New data, from the McLennan County Appraisal District, show that property values are rapidly increasing in their county.
Local governments have been announcing their property taxes rates based on the new data. In County of McLennan Commissioners approved the no-new-revenue rate for the county at an 8.6 cent increase, the city of Waco released its proposed budget with a 76.48 cents per $100 property tax, which is more than the no-new-revenue rate.
In 2017, it’s estimated that the total property value for the county is about $24 billion, up from about $20.6 billion in 2016. Out of 275 properties worth about 159 million dollars, one hundred and ninety seven still remain under dispute.
Appraiser Joe Don Bobbitt said that this year’s property value jumped as much as last year when it was unusually high.
Higher interest rates may make mortgage payments more expensive and may affect home prices.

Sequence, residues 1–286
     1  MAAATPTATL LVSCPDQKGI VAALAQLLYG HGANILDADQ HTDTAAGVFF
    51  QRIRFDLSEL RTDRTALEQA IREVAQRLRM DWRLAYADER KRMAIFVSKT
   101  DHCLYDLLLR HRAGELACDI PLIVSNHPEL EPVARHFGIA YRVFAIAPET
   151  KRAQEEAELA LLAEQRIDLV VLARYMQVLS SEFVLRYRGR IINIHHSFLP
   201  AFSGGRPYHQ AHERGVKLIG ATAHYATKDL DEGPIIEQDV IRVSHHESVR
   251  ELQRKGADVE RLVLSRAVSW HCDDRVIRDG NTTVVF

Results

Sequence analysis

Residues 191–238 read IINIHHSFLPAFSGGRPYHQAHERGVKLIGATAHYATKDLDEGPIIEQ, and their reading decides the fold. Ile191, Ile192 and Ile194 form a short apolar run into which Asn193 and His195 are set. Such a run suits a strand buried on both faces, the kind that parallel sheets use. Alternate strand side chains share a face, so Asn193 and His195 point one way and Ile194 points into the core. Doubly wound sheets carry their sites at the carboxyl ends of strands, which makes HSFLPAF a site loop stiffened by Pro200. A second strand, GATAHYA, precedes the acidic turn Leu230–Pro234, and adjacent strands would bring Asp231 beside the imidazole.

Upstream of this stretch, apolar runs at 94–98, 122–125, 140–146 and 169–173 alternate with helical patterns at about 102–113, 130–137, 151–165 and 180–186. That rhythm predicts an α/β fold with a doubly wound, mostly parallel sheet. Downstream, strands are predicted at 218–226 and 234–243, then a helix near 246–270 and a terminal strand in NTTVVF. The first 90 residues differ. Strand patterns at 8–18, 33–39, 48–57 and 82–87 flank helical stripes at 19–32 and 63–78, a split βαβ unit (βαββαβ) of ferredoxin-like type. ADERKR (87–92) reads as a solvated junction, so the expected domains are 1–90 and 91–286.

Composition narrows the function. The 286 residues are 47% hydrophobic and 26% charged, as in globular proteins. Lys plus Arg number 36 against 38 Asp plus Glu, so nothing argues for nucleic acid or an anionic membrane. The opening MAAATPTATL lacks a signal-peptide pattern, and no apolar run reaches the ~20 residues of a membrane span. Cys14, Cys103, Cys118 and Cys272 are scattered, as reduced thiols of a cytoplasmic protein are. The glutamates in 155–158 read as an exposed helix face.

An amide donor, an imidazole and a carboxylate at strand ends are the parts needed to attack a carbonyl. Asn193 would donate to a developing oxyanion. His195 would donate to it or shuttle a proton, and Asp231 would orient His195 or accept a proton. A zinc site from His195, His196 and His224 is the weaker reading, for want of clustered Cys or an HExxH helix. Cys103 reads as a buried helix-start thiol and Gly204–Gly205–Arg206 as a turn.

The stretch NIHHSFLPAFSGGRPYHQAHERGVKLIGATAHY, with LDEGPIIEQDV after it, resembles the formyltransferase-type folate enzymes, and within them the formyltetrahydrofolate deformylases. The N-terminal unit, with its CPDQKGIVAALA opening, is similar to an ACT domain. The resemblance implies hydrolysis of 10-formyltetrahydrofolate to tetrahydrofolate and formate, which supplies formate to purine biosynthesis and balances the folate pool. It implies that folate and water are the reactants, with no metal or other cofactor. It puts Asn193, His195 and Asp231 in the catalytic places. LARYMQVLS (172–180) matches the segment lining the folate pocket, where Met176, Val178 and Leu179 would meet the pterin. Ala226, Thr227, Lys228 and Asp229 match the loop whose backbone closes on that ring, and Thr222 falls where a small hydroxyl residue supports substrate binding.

As owners protest valuations, the increase was reduced to 24%. This result was from the ever increasing protests that rose to 19,000 according to the McLennan County Appraisal District.
Waco’s city council has proposed a rate at which to assess property tax of 76.48 cents per $100, almost 8.6 cents higher than when they calculate property tax without increasing it.
City of Waco Budget Director Nick Sarpy said property values have increased this year, and the total valuation was approximately $13.4 billion dollars, which represents an increase of 12% from last year’s $12 billion.
Nick Sarpy commented on the past values of 6%~7% and how sharp the increase is now. Waco still has 138 properties that need to be contended with at a value of $97.8 million.